Great literary heroines are strong, smart and often sassy

Great literary heroines are strong, smart and often sassy. Remember Jo March in "Little Women," Elizabeth Bennet in "Pride and Prejudice" or Janie Crawford in "Their Eyes Were Watching God"? These are characters who resonate, to whom we can return over and over, gleaning life lessons from their stories.

"The Heroine's Bookshelf," by Erin Blakemore, is a tribute to literature's kick-butt ladies and the authors who created them. It is an adorable little book that combines author biographies, a bit of memoir and a collection of essays examining popular literary characters and why we love them.

While I found the analyses of the characters insightful and engaging, I especially enjoyed the background on the authors. When I was a kid, I loved "Anne of Green Gables" and "The Little House" series, but I knew nothing about Lucy Maude Montgomery or Laura Ingalls Wilder. I liked learning how the authors' own lives inspired their writing and the heroines who made them famous.

Every chapter is named for a character trait, such as dignity, compassion, steadfastness or ambition. In each, Blakemore explores a character who she feels exemplifies this trait, and offers parallels from her own life and the author's life. At the end of the chapter, she lists "literary sisters," books with similar themes or heroines.

Jane Eyre's literary sisters include Mrs. De Winter in "Rebecca" and Catherine Earnshaw in "Wuthering Heights." Blakemore also identifies life events for which the novel may come in handy. After the "Steadfastness" chapter, in which she discusses Jane Eyre, she suggests revisiting the novel after a breakup or when you are not sure whether you can handle another bombshell. I'd add that it is also the perfect thing to read if you find out the man you love is already married and storing his insane wife in the attic of his mansion.

The chapter "Faith" looks at Zorah Neal Hurston and her character Janie Crawford in "Their Eyes Were Watching God." Blakemore gives a brief biography of Hurston that illustrates Hurston's own faith in God and in herself. She describes Hurston's childhood of poor health and neglect, as well as later years of poverty, racism and brutal physical abuse. However, Hurston's faith and perseverance led her to becoming the only black student enrolled at Barnard College in 1925, as well as a rising star during the Harlem Renaissance.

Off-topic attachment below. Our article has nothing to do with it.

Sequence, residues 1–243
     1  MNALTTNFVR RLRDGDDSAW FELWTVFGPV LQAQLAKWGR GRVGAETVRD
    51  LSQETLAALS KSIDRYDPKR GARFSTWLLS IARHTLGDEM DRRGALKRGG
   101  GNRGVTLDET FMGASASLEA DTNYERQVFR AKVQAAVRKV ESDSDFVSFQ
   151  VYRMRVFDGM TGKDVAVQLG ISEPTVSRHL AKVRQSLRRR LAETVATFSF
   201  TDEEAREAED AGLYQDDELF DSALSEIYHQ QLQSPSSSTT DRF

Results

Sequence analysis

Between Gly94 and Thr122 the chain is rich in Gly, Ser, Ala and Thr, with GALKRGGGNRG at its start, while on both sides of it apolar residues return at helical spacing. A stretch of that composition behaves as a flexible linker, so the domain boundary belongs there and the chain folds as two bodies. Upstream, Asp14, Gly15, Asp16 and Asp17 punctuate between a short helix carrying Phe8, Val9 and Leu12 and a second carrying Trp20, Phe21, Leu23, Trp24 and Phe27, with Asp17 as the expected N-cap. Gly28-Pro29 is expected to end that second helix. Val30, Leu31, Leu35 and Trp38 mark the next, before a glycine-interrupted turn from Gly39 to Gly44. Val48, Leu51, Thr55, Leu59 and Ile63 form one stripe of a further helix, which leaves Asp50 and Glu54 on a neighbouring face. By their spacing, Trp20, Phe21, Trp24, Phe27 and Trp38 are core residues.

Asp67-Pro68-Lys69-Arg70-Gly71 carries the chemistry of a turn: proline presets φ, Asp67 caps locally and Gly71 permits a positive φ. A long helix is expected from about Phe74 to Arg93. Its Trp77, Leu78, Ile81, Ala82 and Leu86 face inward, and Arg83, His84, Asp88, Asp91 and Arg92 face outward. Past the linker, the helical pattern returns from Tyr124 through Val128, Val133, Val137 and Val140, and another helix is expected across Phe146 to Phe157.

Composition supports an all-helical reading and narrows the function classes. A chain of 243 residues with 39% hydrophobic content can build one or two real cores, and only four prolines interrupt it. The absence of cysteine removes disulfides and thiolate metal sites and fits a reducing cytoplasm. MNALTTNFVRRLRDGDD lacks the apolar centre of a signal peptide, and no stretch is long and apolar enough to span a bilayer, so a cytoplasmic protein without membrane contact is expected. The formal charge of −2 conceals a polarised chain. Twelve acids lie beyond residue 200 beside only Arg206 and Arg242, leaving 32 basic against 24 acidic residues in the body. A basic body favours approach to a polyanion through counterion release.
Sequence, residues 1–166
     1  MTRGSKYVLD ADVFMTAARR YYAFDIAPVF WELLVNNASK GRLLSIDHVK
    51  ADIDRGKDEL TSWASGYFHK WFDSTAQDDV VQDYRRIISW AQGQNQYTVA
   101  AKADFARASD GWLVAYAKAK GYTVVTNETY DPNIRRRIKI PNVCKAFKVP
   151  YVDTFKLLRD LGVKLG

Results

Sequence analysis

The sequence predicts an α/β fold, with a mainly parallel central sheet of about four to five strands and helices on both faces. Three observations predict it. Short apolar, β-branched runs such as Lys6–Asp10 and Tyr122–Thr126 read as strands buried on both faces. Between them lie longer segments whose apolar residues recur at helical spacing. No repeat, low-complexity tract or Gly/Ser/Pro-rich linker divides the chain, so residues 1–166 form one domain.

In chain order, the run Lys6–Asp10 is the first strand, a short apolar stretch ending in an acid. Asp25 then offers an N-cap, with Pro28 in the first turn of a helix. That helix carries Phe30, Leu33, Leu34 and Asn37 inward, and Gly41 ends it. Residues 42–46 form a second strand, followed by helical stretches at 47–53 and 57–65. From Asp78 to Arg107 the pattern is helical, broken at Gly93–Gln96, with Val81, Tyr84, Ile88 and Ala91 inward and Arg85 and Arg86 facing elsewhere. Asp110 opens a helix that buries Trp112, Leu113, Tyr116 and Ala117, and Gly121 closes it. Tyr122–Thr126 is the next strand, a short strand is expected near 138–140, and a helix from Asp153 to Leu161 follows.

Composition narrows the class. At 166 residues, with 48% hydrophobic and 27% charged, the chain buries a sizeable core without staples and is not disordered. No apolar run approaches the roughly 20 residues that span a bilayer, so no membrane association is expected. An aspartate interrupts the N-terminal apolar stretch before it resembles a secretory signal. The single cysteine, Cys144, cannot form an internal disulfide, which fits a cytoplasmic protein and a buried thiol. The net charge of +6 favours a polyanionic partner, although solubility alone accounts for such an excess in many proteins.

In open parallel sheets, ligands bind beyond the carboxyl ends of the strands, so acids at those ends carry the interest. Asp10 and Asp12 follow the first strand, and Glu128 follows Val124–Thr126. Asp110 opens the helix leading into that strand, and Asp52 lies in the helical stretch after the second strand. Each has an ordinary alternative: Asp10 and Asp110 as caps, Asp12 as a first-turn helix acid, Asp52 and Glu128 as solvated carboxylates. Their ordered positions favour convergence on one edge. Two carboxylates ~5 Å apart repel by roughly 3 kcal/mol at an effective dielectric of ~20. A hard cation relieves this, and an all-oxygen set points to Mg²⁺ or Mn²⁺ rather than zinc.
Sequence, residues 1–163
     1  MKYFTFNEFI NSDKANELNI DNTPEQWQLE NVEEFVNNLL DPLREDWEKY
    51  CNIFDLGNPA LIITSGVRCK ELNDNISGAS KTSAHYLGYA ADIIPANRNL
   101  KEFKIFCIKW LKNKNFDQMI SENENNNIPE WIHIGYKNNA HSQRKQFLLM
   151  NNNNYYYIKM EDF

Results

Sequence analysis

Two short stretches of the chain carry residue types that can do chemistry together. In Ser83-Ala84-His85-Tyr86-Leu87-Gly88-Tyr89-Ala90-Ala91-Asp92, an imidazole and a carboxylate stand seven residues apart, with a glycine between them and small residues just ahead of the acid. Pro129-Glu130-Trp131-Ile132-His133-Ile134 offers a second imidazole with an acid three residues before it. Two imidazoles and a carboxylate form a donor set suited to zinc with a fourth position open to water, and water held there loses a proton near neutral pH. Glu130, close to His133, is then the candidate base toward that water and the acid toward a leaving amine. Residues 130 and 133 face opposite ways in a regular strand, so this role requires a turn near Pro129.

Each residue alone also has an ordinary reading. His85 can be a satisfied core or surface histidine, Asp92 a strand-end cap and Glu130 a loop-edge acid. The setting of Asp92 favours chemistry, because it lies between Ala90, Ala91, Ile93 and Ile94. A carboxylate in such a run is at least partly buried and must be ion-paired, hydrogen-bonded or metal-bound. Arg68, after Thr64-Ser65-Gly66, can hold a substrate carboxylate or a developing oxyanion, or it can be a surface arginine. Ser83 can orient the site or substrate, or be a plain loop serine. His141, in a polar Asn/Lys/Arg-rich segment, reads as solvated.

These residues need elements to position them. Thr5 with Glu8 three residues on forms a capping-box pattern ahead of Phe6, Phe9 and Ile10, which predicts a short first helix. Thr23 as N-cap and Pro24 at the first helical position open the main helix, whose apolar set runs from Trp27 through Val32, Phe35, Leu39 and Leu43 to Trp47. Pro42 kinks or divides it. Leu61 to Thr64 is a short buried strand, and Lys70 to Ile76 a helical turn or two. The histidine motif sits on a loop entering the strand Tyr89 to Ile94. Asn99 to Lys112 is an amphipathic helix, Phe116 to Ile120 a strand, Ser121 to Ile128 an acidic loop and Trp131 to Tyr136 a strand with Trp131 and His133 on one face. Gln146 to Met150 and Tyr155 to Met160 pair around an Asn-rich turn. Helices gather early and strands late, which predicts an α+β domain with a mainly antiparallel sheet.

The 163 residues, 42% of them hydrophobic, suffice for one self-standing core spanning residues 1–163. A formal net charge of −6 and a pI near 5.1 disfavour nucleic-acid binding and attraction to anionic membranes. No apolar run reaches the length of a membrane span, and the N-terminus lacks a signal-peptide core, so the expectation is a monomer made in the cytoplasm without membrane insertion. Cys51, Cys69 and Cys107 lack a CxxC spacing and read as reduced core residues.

Hurston was both a cultural anthropologist and a storyteller with interests in religions, superstitions and the struggles of the poorest blacks, particularly women. Blakemore describes "Their Eyes Were Watching God" as a testament to the beliefs that drive a heroine to rise above herself and survive everything the universe can throw at her.

Throughout Hurston's book, Janie finds strength and confidence in her faith. That faith helps her face emotional starvation, heartbreaking loss and a hurricane with quiet dignity. Blakemore makes connections between this literary heroine and the lives of modern women. She describes the strength she herself finds in Janie and suggests ways for readers to see a bit of Janie in themselves.

"The Heroine's Bookshelf" is a fun and interesting read. Readers don't have to be familiar with all the books or authors in the collection to enjoy it. I enjoyed the essays on books I hadn't read just as much as I enjoyed hearing Blakemore's take on my old favorites. This is a great book for teenage girls as well. In a world of Brittanys, Lindsays and that needy girl from the "Twilight" series, it is good to remember that inspiring role models exist in classic literary heroines and their creators. Blakemore's book is a new favorite for me, and one I think I will revisit on occasion, just as I often find myself returning to visit old friends such as Scout Finch and Jane Eyre.

Angela Decker is a freelance writer in Ashland and can be reached at decker4@gmail.com.